The Harsha amendment passed 228 to 186 with 20 not voting (2376).
Conference committee then switches the JNC
In the House version of the bill, while the Mayor originally held the power of appointment, members of the JNC were mostly federal: 2 chosen by the DC Bar Association, 2 by the Mayor, 1 by the Speaker of the House, 1 by the President of the Senate, and 3 by the President. That’s 5 federal, 2 local, and 2 from the bar, with the clear balance of power on the federal side.
During the debate on the Harsha amendment, Rep. Brock Adams (D-WA) explained that this was intentional: they made the commission mostly federal but put the appointment power in the local sphere.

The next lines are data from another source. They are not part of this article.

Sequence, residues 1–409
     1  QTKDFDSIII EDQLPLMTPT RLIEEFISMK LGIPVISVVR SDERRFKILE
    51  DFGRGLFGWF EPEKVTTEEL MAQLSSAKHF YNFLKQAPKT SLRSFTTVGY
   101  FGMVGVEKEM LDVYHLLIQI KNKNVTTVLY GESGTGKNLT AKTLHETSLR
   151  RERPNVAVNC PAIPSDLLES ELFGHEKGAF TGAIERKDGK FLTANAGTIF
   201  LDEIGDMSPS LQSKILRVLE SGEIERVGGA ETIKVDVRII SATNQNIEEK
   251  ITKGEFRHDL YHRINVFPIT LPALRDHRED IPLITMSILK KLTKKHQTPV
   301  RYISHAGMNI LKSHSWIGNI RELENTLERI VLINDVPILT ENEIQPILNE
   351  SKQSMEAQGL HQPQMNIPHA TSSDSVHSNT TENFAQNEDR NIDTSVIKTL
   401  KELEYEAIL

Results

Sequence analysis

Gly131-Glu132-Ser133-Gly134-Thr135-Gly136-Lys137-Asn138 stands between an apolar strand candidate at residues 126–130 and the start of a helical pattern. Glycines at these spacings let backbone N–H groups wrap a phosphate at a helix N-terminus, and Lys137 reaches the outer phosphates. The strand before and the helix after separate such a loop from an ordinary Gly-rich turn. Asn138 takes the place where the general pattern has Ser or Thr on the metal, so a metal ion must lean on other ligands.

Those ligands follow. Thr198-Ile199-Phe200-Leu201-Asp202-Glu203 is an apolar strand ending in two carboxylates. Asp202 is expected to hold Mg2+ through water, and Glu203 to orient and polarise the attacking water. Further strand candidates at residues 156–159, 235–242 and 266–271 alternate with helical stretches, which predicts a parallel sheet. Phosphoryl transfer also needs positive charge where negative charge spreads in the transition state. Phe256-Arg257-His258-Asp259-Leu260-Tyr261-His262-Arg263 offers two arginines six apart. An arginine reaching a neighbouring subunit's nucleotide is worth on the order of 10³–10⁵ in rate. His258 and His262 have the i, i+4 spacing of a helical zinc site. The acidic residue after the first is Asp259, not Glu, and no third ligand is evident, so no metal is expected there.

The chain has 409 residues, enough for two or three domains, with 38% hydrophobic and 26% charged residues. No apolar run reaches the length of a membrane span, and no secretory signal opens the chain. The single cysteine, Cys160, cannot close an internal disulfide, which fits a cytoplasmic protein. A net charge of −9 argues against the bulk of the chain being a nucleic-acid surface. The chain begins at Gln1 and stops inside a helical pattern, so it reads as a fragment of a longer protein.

Once the Harsha amendment passed, the conferees then went and switched around the JNC. They made it comprise 7 members: 2 from the DC Bar, 2 by the Mayor, 1 byt he DC Council, 1 by the Chief Judge of the US District Court for the District of Columbia (the lower federal court), and 1 by the President of the United States. Only 2 of these are federal. (3065-3066)
In other words, since the appointment power had shifted from local to federal, the members flipped the JNC from federal to local. That’s its composition to this day. Rep. Joel Broyhill, (R-VA), one of the main opponents of the Home Rule Act, denounced this change as he wanted to keep both the nomination and appointments powers federal, but the decision had been made and the bill passed with the system we have today.